To call the current scenario regarding Indian roads and automobiles haphazard would be an understatement. In the last year or so, numerous regulations have been issued or proposed by the Ministry for Road Transport and Highways (MoRTH). Union Minister Nitin Gadkari, who helms the ministry, said, ‚ÄúThe auto industry has one of the highest employment potentials in the country. The future is very bright and we should make the auto industry according to international standards.‚ÄĚ In this piece we try to make sense of it all and see where the road is heading in terms of the Indian automotive landscape.
Introduction of BS-VI emission norms
With the new regulations, the first issue that the ministry aims to tackle is the menace of rising air pollution. Besides the recent ban of cars with 2-litre plus diesel engines in the Delhi-NCR, the government is working hard towards introducing BS-VI emission norms across the country by April 2020. The availability of BS-VI fuel across the country is critical for the feasibility of introducing BS-VI norms in the country. In this regard, former environment minister Prakash Javadekar has stated that the government will invest Rs 60,000 crore to improve fuel quality to BS-VI levels. The government is confident of providing BS-VI quality fuel by the intended deadline. However, fuel adulteration is a major concern in Tier-2 and Tier-3 cities and stringent quality control processes need to be implemented.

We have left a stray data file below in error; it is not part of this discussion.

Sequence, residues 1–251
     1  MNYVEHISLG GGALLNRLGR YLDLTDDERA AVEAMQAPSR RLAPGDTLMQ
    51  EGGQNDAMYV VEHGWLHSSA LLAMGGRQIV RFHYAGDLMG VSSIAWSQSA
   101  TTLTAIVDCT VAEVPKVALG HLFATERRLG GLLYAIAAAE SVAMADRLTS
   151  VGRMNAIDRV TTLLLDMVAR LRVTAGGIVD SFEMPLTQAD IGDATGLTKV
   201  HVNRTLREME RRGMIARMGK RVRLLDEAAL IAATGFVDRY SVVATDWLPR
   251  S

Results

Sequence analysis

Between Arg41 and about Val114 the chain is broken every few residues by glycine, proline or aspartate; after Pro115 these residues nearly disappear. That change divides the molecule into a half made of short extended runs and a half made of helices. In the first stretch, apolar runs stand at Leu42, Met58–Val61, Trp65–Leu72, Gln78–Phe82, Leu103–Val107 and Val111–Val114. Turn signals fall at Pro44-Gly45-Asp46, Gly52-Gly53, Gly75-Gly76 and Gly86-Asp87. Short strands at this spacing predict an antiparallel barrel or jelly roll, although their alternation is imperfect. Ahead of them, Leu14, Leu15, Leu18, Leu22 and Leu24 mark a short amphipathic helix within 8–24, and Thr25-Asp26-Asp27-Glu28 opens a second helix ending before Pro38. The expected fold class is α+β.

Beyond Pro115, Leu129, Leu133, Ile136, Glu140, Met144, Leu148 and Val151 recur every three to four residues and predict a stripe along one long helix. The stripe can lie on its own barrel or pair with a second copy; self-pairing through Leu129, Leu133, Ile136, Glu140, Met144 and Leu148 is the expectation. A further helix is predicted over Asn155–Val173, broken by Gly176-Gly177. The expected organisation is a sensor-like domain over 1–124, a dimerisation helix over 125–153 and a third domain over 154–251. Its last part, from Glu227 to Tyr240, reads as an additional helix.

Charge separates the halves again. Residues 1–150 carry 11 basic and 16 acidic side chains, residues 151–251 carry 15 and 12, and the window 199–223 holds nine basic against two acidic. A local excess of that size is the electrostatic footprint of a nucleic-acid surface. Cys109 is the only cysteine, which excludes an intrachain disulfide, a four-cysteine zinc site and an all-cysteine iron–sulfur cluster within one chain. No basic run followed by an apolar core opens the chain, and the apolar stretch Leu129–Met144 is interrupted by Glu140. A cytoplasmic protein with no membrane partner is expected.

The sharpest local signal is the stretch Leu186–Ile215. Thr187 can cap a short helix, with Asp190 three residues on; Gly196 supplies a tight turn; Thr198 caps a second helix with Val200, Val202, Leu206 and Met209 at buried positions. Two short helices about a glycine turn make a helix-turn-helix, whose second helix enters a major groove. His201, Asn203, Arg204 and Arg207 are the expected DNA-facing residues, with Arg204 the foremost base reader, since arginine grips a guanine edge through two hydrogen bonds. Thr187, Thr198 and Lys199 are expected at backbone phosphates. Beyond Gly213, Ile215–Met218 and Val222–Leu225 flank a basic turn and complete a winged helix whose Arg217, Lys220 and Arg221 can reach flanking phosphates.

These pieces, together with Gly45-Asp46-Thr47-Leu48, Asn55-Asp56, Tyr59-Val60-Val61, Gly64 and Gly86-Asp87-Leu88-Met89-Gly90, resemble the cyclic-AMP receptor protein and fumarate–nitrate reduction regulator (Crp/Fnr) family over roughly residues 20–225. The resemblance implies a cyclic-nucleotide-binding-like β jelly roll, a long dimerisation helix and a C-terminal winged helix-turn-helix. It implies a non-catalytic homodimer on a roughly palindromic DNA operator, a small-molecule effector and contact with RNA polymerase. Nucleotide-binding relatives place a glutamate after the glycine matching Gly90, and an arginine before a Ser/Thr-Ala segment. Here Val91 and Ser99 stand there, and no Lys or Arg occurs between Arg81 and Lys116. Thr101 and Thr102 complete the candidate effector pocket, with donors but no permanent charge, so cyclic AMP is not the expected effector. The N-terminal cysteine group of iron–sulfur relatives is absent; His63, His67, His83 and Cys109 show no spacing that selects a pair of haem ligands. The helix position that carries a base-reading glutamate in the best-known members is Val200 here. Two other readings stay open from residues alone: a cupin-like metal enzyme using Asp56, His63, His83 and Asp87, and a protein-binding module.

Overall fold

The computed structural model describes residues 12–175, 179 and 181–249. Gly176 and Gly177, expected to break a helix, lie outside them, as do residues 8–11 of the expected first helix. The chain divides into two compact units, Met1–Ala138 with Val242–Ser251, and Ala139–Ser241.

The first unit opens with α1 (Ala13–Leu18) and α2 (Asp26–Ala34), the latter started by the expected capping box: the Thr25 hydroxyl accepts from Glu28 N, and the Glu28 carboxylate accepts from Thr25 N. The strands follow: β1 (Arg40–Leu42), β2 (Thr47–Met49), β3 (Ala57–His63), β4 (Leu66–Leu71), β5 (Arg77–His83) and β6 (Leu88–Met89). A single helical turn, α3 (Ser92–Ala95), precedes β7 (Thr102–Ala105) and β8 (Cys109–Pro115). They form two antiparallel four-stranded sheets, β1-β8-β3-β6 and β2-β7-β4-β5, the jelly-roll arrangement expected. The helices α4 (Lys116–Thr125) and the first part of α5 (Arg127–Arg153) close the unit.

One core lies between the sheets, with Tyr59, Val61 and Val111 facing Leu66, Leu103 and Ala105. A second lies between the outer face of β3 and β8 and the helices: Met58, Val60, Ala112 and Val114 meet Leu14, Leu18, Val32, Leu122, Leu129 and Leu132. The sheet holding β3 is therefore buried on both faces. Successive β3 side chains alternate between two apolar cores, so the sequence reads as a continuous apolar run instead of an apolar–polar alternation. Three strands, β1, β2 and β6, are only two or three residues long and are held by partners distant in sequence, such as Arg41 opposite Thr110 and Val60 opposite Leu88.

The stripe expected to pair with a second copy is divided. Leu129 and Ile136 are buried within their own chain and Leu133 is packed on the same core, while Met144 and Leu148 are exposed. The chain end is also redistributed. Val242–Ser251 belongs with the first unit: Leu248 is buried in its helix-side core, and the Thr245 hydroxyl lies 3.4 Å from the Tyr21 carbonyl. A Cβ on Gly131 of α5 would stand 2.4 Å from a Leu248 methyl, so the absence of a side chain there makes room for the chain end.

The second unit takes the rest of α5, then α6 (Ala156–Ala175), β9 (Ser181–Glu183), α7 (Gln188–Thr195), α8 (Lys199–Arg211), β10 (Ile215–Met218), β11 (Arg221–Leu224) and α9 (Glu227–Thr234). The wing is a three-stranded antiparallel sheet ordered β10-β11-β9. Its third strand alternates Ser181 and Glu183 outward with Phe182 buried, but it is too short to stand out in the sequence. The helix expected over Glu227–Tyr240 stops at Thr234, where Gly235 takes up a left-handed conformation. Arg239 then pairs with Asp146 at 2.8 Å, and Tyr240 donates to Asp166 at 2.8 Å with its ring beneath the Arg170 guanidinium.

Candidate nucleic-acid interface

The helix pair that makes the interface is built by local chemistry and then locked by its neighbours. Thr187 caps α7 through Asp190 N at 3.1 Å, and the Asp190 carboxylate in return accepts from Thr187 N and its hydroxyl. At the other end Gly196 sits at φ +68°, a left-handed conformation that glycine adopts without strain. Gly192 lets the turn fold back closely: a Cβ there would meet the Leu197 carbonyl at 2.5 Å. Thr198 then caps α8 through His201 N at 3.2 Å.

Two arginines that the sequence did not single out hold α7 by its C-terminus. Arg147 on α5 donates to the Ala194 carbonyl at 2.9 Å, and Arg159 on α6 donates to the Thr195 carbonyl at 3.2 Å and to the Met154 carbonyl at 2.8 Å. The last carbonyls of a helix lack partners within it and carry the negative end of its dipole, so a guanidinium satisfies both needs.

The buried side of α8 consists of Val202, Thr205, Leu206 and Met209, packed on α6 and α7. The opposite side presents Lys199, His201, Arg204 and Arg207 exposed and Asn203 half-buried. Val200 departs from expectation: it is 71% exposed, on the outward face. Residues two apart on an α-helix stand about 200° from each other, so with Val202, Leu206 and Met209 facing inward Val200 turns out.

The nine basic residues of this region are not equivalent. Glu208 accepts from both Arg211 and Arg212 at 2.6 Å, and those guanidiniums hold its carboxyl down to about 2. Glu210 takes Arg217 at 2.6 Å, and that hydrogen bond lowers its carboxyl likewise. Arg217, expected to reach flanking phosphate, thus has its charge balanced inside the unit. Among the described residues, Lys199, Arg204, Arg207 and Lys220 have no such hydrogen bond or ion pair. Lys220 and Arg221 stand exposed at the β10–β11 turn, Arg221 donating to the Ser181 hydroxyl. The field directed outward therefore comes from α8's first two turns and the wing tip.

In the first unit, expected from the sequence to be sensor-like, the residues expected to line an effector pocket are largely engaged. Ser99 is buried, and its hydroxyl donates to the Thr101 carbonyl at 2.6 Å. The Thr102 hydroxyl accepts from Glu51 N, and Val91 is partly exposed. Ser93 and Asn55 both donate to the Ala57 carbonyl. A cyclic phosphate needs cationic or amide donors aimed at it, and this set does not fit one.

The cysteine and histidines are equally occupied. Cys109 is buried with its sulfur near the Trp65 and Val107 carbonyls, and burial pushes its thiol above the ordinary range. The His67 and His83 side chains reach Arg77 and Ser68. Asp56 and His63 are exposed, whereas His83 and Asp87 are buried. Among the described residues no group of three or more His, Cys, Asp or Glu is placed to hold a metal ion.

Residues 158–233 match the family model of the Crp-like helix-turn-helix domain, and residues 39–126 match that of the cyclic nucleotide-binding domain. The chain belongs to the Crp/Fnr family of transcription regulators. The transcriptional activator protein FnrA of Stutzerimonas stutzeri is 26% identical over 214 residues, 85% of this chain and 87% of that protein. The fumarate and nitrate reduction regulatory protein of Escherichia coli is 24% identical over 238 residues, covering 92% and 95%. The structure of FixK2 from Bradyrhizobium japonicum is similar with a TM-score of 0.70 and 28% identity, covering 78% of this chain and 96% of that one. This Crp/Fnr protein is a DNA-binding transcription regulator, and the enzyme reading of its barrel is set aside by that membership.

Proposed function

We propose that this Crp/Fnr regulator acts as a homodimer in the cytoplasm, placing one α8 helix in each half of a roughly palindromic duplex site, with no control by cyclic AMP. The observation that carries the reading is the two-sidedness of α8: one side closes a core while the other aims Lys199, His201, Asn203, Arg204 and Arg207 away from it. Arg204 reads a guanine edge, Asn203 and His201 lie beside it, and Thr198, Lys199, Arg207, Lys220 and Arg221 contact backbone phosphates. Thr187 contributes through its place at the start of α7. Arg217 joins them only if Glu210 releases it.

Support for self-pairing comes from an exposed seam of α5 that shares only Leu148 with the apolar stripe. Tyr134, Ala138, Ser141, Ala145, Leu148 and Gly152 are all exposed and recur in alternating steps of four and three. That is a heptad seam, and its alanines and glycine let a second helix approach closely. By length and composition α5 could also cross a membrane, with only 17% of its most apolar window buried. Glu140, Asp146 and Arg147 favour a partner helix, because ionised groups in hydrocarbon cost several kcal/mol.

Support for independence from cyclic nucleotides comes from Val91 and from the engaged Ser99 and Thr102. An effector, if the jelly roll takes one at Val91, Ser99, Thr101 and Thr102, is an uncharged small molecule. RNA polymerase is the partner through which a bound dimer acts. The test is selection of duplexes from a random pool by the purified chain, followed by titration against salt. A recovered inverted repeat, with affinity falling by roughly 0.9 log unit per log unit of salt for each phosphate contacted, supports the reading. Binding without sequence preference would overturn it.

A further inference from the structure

Engine technologies will also need to be updated to comply with BS-VI norms. In case of diesel-powered cars, for instance, BS VI will necessitate the incorporation of the Diesel Particulate Filter (DPF) in the exhaust system which would increase costs. DPFs trap the harmful particulate matter as they flow out of the exhaust system. Some systems self clean by burning off the residue at high temperature while others need periodic cleaning. Without DPFs, BS-VI fuels would be rendered redundant.
Another big issue that the government needs to tackle is the uncertainty when it comes to emission norms and other regulations in the country. The knee-jerk diesel ban, for instance, has many manufacturers up in arms against the ruling. The sheer arbitrariness of the ruling is also a matter of concern since there was no empirical evidence to justify the ban.